Description of Historic Place
Wright House is a two-and-one-half storey stucco home located on Main Street, in Wolfville, Nova Scotia. The elegantly tailored home is architecturally unique in town and it sits on an elevated piece of land that is dotted with mature trees. Only the building is included in the designation.
Wright House is valued for its association to its architect and former owner, Charles H. Wright, and for its architectural features.
Charles H. Wright was a legendary Wolfville contractor and master builder born in Canard, Nova Scotia in 1882. Wright built the home with the help of his friend, Graham Johnson, an architect from Kentville. Before embarking on the project, the two had travelled to New England to study building architecture and techniques. Wright built numerous homes and landmark commercial and public buildings throughout the town of Wolfville, such as the Baptist Church, the Royal Bank, War memorial Gymnasium, the rink, the United Church and the Festival Theatre building on Main Street. He also built the Kentville Sanatorium, the Baptist Churches in nearby Canard and Canning. For a time, he also worked in Halifax, often with well-known architect Andrew R. Cobb, who was the architect for the United Church project. Wright was also interested in hydro electricity and partnered with R.A. Joudrey in developing electrical power stations and paper mills. The two created the Minas Basin Pulp and Power Company in Hantsport.
On July 16, 1929, while in the process of building Kings County Academy in Kenvtille, Wright's car was hit on a crossing by a passenger train. He was killed along with his daughter Jean and son Graham, as well as his sister-in-law and his father-in-law. The tragedy stunned the community. Wright’s remaining daughter, Rhoda, married internationally-acclaimed artist Alex Colville, who served as chancellor of Acadia University from 1980 to 1991, and the couple raised their four children in the home.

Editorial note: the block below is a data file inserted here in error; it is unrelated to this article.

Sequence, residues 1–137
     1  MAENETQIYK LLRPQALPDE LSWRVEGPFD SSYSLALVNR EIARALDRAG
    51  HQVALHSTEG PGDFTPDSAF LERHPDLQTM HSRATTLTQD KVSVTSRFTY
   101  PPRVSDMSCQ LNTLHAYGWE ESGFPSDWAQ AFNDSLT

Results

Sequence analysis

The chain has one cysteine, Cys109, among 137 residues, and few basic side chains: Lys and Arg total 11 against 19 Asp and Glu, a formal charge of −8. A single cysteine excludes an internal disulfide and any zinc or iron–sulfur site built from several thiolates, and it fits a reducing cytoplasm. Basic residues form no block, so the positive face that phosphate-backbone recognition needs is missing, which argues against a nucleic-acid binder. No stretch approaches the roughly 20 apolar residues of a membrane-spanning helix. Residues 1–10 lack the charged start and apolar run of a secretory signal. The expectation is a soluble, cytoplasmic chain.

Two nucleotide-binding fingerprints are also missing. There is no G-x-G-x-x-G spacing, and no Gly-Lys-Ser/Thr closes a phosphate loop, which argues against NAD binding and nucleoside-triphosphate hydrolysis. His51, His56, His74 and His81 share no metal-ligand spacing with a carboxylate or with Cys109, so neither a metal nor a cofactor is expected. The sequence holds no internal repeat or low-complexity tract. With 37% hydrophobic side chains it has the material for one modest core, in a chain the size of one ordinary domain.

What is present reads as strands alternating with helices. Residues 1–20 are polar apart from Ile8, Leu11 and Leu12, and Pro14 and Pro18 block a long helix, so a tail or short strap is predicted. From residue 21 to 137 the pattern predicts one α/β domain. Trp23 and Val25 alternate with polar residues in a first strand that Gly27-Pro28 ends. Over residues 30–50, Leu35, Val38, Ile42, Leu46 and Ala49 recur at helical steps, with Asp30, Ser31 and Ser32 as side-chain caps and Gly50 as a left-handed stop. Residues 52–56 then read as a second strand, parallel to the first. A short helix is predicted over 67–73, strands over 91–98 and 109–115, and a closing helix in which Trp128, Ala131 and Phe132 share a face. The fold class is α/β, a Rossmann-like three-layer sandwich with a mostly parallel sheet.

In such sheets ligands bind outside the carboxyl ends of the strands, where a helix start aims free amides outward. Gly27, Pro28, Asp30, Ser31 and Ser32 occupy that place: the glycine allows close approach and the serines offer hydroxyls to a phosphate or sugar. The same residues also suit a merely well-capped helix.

Architecturally, Wright House has maintained its original stucco masonry, a feature not seen anywhere else in Wolfville. The home’s unique design does not really match a particular architectural style and instead seems to borrow various elements from several styles. Its oversailing pedimented gable ends suggest the Queen Anne Revival-style; its Doric columns on the porch suggest the Classic Revival-style; and its sloped roof sections that cap the first storey bay windows suggest the Second Empire style. Nonetheless, the home’s overall appearance is elegant and balanced.
- Town of Wolfville Heritage Property Program files, Wright House file.
Character-defining elements of Wright House include:
- medium-pitched roof;
- symmetrical three-bay façade;
- stucco masonry;
- central frontispiece;
- sloped roof sections capping first storey bay windows on front;
- matching chimneys;
- pedimented gables with oversailing ends;
- cornice with dentils;
- Classic Revival Doric columns supporting front porch;
- Front porch with hipped roof, cornice and dentils;
- sidelights on front door.